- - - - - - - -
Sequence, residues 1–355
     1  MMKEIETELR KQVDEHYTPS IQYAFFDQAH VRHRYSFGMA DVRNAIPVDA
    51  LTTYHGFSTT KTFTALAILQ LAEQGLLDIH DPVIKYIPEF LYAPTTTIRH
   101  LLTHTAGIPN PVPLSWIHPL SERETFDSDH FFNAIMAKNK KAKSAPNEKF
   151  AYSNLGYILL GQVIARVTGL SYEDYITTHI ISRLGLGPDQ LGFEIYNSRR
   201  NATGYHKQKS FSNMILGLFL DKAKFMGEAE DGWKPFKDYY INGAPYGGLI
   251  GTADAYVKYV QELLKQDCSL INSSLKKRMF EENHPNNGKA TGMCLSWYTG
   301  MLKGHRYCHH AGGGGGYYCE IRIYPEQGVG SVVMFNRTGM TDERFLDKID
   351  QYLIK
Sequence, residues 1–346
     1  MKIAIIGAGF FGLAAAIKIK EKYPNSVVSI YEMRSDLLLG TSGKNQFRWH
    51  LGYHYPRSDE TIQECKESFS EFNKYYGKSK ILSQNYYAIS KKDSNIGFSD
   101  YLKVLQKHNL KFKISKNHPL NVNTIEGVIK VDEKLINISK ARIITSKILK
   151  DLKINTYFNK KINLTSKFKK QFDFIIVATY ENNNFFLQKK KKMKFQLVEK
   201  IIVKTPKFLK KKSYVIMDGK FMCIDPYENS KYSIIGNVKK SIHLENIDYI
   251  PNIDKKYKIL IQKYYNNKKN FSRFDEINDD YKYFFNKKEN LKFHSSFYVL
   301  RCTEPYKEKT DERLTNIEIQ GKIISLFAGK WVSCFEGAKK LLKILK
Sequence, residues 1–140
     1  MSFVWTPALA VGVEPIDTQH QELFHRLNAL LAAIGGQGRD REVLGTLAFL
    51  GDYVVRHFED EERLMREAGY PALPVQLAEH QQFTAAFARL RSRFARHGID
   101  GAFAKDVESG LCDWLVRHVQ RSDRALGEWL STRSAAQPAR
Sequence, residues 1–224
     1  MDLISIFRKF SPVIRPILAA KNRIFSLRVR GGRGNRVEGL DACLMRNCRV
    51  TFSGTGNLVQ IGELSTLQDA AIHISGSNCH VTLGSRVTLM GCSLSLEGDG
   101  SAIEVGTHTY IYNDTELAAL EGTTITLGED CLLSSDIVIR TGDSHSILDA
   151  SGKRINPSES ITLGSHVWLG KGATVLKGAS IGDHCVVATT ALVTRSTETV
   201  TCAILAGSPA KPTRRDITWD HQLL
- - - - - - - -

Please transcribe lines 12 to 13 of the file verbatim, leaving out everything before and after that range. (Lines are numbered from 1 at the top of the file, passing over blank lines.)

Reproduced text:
    51  LGYHYPRSDE TIQECKESFS EFNKYYGKSK ILSQNYYAIS KKDSNIGFSD
   101  YLKVLQKHNL KFKISKNHPL NVNTIEGVIK VDEKLINISK ARIITSKILK